NAMASTE INDIA - A Tribute to the Past and a Vision to the Future

Notions of India is an opportunity for the participants with their design interpretation to celebrate the 75th anniversary of Independence through revisiting, reimagining and recreating India’s heightened ambitions as a global leader.

Namaste, also as namaskar and namaskaram, is an Indian customary, non-contact form of respectfully greeting and honoring the opposite person or group, used at any time of day. It also has a spiritual import reflecting the belief that "the divine and self (atman, soul) is same in you and me", and connotes "I bow to the divine in you".

Etymology, Meaning and Origins
Namaste (Namas te) is derived from Sanskrit and is a combination of the word namas and the second person dative pronoun in its enclitic form, te.Namas-krita appear in Rigveda as "worship, adore", Namaskara as "exclamatory adoration, homage, salutation and worship" in the Atharvaveda, the Taittiriya Samhita, and the Aitareya Brahmana.
It is also found in numerous ancient and medieval era sculpture and mandapa relief artwork in Indian temples.

Excavations from the Indus Valley Civilization have revealed many male and female terracotta figures in namaste posture dated to between 3000 BC - 2000 BC.
The gesture of folding hands during a Namaste is called the Anjali Mudra. This mudra is one of the postures found in Natya Shastra Indian classical dance forms, Yoga practice, in the Indian temple architecture texts - Devata murti prakarana and painting called the Citrasutras.

Universal language
Donald Trump, the Ex-President of the United States is famous for his Namaste India greeting in 2020, making it a global Indian brand, along with the Make in India initiative.
Since Namaste is a non-contact form of greeting, Israeli Prime Minister Benjamin Netanyahu suggested using the gesture as an alternative to hand shaking during the 2020 Coronavirus pandemic as a means to prevent the spread of the virus.

Design Intentions
India celebrating its 75th Anniversary of Independence, our proposed design sculpture, Namaste India is to pay Tribute to the Past and a Vision of the Future articulating the essence of the nation and its journey into a glorious future. India has been through ups and downs, paying our respect to all who have fallen and all who built and grew with this nation.Especially during this pandemic time paying our respects to the Covid 19 warriors.

Our proposed design is integrated into the fabric of the nation, will attempt to inspire and motivate the future generation to understand the history, unity, resilience and of our great people and nation.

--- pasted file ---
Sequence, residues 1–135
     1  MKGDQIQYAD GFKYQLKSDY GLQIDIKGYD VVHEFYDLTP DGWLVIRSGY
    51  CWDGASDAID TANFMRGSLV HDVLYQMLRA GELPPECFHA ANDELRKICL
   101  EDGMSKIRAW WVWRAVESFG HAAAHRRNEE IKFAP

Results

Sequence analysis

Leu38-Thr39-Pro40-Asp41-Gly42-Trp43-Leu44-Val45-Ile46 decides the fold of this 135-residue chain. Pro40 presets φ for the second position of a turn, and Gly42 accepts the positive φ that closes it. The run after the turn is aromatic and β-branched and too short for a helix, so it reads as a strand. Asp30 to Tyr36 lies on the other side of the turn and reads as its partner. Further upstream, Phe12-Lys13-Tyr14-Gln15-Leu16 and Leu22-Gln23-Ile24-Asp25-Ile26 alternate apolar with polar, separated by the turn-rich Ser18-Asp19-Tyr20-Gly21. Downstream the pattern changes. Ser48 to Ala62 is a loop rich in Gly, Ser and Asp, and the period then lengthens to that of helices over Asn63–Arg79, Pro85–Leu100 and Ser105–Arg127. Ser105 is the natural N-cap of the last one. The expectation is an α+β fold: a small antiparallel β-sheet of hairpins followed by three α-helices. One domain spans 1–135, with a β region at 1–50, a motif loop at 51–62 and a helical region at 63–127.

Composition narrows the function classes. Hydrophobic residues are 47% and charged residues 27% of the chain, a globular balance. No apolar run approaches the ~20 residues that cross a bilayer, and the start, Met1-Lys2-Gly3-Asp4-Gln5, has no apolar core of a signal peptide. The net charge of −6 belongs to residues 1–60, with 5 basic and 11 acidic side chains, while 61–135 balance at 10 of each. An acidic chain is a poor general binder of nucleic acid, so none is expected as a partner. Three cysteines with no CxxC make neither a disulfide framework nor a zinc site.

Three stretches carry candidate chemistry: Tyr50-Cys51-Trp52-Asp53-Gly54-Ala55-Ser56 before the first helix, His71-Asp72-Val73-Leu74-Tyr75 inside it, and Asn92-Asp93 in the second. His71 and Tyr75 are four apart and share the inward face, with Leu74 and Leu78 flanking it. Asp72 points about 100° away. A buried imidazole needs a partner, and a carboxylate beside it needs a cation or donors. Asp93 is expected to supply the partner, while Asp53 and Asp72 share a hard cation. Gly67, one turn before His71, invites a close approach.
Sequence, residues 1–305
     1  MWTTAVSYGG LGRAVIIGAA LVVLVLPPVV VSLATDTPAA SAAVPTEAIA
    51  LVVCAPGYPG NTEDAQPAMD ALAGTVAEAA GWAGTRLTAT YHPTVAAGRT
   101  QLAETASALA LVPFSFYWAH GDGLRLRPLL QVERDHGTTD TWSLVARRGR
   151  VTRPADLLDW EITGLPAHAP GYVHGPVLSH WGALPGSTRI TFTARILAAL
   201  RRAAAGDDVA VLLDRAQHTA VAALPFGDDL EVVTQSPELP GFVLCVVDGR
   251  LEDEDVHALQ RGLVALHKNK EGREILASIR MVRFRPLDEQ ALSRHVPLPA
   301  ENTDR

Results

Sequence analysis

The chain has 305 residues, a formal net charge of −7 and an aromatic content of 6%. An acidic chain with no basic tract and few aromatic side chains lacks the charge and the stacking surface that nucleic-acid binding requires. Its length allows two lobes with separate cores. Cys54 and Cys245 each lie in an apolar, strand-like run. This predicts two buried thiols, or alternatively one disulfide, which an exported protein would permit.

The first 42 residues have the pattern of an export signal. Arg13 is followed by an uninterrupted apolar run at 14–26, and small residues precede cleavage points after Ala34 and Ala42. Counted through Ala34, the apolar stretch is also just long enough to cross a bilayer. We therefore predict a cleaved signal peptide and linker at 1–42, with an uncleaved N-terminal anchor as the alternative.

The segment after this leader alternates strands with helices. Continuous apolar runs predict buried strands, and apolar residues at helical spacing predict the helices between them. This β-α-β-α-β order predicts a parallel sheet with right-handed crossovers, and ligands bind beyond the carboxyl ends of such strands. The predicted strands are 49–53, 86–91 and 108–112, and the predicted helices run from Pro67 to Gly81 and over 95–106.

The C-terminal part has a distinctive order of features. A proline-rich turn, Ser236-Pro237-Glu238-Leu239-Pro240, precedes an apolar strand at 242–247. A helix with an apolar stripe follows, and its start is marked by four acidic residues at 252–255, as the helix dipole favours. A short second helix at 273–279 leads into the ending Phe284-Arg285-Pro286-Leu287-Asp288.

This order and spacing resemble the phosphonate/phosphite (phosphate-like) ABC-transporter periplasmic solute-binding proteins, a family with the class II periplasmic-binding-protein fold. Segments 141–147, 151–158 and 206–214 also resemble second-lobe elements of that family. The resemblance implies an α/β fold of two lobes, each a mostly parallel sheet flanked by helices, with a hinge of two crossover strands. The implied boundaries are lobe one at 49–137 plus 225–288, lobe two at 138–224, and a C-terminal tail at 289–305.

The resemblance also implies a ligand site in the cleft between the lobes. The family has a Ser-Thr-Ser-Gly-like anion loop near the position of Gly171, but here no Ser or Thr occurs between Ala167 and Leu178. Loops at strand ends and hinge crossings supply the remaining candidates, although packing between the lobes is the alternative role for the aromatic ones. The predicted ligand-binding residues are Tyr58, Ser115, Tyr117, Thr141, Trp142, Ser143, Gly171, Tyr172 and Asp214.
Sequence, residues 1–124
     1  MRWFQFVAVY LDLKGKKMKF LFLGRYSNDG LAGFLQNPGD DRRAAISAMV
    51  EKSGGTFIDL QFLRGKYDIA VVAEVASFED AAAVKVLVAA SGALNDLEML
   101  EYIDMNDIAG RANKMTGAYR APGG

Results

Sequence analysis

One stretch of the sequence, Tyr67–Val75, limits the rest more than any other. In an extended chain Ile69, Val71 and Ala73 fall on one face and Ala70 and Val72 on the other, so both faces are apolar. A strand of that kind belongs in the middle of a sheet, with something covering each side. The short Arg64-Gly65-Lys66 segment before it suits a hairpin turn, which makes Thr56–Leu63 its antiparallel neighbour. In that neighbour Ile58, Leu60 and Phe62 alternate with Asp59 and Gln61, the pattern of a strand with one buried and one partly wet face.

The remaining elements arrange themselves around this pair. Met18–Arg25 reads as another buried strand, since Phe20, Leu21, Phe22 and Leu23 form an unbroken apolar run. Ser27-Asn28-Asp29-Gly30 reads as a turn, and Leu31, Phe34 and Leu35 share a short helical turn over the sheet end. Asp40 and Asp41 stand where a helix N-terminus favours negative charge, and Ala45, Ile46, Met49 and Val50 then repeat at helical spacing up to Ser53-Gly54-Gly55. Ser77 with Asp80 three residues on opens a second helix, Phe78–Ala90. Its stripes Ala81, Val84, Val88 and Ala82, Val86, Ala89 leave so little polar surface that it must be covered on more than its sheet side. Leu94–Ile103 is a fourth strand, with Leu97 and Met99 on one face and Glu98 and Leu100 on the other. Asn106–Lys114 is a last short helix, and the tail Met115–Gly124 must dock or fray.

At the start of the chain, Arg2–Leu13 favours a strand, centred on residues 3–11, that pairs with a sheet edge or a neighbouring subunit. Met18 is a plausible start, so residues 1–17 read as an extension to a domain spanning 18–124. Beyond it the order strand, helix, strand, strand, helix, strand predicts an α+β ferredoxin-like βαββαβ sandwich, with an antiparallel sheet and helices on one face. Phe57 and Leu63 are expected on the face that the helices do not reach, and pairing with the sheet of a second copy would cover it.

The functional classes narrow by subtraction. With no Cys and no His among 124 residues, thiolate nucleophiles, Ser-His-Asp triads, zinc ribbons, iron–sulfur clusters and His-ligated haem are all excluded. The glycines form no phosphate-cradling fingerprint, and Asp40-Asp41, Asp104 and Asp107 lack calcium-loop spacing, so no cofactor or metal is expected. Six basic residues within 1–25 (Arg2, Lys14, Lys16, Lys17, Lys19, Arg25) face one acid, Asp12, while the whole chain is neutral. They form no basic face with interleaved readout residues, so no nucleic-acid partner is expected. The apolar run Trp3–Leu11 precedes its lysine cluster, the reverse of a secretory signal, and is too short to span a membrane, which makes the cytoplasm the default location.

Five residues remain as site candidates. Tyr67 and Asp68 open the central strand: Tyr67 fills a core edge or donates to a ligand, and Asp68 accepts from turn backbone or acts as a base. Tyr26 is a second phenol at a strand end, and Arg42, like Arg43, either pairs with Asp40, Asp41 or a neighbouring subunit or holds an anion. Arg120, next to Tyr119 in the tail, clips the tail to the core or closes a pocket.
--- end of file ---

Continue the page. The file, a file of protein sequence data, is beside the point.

Design Build Form and Aesthetics
Namaste as a form will be two hands folded together with 10 fingers. The biomimetic design of the structures were developed with respect to the proportion of human fingers as much as possible. The proposed design has two parts - the structural finger members and the mandapa or platform with a tree in the central courtyard.

We, the People are India theme is evolved into Our hands theme that connects everyone or communicates to the billions giving the feeling of their own hands, the feeling of pride, the feeling of hope, the feeling of ambition and the ultimate feeling “We are India” and bringing people together as we sing “Saare Jahaan se Achaa”.

The middle members at the highest points represent the notion of India under one roof and all the other fingers represent the diversity in India. The sculpture as whole represents India’s unity, conveying a common message for the India of tomorrow across such varied languages, regions and cultures meeting the design challenge.

The whole structural fingers pointing up to the sky represents a cosmic conversation with the celestial bodies and energy flow visualizing the spiritual and universal unity.

The sculpture is intended to be facing towards the East based on the concept of Surya Namaskar - Saluting the Sun, the source of our energy. So the sculpture is aligned diagonally on the 12mx12m square site.

The design process naturally evolved into a rhombus plan representing the geographical landscape/map of India giving water bodies on the 3 sides with a central platform.

The platform is designed with reference to Vedic geometry representing the Yagna Kunda with a tree in the central courtyard. The sunken central courtyard indicates Shoonya or Zero.

Live Sculpture
The growth of the tree in the central courtyard makes the sculpture live in time travel. The movement of people in and around the sculpture adds motion representing the idea that change is the only constant.

The central courtyard also represents the Gurukul system of education practised in ancient India as a centre of interaction. The Display areas that can function as cultural, heritage and spiritual information and exchange centres giving a unique space and identity to the city.



The finger members are tilted in different angles and tapering wider in the bend and converging in a point as a cantilevered structure. YST 355 steel hollow sections will be used as the primary medium for the flexibility of the design and durability in all weather conditions.
White Zinc sheeting covering is proposed to give the final finish of the sculpture to merge, reboot, rebuild and refresh aesthetically with all surroundings. The platform, steps and seating are proposed to be Brick built.


The proposed sculpture has a tree in the central courtyard to act as a focal point towards our environment.
Tata Structura YST 355 steel is the most sustainable steel available in India.
Zinc takes much less energy to refine than aluminium, copper, or stainless steel.
The proposed sculpture looks complex but is designed to be feasible for construction and transportation costs can be cut using electric vehicles and will be more green.

Jajo Joachim Gomez | Harikumar Damodaran | Deepu S | Alen Jose Vadakkan